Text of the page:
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Vaccine. 2006 Apr 12;24(16):3258-60. Epub 2006 Jan 19.

Seroprevalence of Varicella-Zoster virus IgG antibodies in Swiss children during the first 16 months of age.

Author information

1
Division of Pediatric Infectious Diseases, University Children's Hospital Basel, P.O. Box CH-4005, Basel, Switzerland. Ulrich.Heininger@unibas.ch

Abstract

QUESTION UNDER STUDY:

To investigate the persistence of maternal IgG antibodies against Varicella-Zoster virus (VZV) in infants and young children.

METHODS:

Serum specimens of children aged 0-16 months who had been hospitalized in our institution between 1994 and 1999 were identified from our routine serum collection. Exclusion criteria were: preterm delivery (<37 gestational weeks); suspected varicella infection or presence of exanthema of unknown etiology at time of serum collection; transfusion of blood products during 6 months preceding serum collection; foreign born mother; and previous VZV immunization. Serotesting for IgG antibodies against VZV was performed by use of a commercially available ELISA kit.

RESULTS:

Two hundred and fifty three serum specimens from 240 patients were analyzed. Age distribution of patients at time of specimen collection was: 0-3 months: n=57; >3-6 months: n=47; >6-9 months: n=47; >9-12 months: n=48; >12-16 months: n=54. Seroprevalence rates for IgG antibodies against VZV in the different age groups were 90% (0-3 months), 38% (>3-6 months); 0% (>6-9 and >9-12 months); and 7% (>12-16 months).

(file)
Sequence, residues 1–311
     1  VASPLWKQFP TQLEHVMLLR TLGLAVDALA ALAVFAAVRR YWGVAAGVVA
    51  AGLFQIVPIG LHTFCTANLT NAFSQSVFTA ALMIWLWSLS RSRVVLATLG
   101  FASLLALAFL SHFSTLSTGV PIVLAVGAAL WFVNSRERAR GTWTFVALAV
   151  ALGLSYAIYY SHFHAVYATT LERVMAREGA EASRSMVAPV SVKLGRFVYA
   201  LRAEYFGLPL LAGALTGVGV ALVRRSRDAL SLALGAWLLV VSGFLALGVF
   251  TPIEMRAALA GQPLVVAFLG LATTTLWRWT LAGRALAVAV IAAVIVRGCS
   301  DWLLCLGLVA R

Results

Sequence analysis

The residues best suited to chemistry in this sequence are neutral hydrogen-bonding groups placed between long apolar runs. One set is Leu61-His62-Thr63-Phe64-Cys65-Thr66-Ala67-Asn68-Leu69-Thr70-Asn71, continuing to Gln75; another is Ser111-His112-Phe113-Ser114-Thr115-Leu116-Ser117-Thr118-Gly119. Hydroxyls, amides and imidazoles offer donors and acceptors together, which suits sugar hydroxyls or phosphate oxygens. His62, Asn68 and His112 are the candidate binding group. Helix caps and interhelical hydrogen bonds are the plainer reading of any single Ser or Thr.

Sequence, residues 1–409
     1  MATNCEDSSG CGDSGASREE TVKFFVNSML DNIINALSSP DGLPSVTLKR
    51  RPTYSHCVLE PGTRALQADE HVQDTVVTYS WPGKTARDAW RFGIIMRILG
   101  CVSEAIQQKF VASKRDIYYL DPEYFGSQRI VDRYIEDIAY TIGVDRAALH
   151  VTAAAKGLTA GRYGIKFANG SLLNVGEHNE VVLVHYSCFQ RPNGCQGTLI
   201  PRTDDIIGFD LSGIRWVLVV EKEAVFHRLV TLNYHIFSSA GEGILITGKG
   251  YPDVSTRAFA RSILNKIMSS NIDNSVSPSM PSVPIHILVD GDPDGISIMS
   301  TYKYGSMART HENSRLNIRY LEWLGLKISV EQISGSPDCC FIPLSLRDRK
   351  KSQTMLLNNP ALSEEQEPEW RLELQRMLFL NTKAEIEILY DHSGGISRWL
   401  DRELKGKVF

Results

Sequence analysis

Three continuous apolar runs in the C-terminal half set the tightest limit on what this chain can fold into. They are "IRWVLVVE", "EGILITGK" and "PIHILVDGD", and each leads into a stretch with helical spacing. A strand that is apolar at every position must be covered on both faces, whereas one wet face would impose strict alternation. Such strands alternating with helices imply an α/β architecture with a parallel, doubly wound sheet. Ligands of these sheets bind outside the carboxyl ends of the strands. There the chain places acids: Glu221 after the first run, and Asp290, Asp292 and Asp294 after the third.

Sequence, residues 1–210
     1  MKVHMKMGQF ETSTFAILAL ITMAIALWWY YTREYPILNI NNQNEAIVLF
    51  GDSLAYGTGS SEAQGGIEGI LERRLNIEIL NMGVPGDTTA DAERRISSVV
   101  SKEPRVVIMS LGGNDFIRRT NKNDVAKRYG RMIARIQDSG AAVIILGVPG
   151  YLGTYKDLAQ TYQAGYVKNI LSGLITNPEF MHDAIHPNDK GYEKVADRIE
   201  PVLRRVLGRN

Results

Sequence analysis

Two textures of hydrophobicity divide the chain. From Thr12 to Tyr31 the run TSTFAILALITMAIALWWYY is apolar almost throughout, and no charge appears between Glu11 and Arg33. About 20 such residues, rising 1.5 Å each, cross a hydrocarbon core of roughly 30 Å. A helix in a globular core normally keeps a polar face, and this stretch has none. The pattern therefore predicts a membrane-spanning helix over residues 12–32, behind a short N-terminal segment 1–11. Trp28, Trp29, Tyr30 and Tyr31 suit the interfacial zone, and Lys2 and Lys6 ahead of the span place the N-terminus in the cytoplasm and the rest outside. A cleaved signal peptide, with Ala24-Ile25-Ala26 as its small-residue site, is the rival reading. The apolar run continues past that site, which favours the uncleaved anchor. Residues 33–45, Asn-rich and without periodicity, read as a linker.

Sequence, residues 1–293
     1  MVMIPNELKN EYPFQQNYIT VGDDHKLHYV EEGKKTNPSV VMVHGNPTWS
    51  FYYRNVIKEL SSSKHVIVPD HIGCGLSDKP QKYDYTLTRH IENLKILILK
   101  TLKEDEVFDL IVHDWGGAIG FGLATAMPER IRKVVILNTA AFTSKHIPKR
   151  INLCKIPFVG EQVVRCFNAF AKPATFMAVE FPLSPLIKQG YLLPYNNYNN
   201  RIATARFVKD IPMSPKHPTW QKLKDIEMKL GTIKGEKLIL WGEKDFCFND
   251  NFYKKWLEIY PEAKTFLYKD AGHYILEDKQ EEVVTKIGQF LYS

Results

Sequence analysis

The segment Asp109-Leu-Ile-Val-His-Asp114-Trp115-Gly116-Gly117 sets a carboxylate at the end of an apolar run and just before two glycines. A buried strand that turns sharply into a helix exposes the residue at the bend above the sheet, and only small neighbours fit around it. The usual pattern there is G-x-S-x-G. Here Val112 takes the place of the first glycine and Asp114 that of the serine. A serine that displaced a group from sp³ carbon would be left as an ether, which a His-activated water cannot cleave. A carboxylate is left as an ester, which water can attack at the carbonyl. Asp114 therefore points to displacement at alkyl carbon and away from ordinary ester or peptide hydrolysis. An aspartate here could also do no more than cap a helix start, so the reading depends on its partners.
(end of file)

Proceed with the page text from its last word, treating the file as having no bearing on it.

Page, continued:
CONCLUSIONS:

Our results demonstrate high levels of passively acquired humoral immunity against varicella in Swiss infants during the first 3 months of life. Beyond the first 3 months of life IgG antibodies against VZV are lacking in the majority of patients and between 6 and 12 months of age all specimens tested were negative. Beyond the first year of life antibodies against varicella were detected in four samples, probably due to previous VZV infection. In accordance with current recommendations, VZV vaccination should ideally be administered to children 9 months of age and older, although our data indicate that successful immunization may be possible at earlier age (6 months onwards) in certain circumstances.

PMID:
16459000
DOI:
10.1016/j.vaccine.2006.01.026
[Indexed for MEDLINE]

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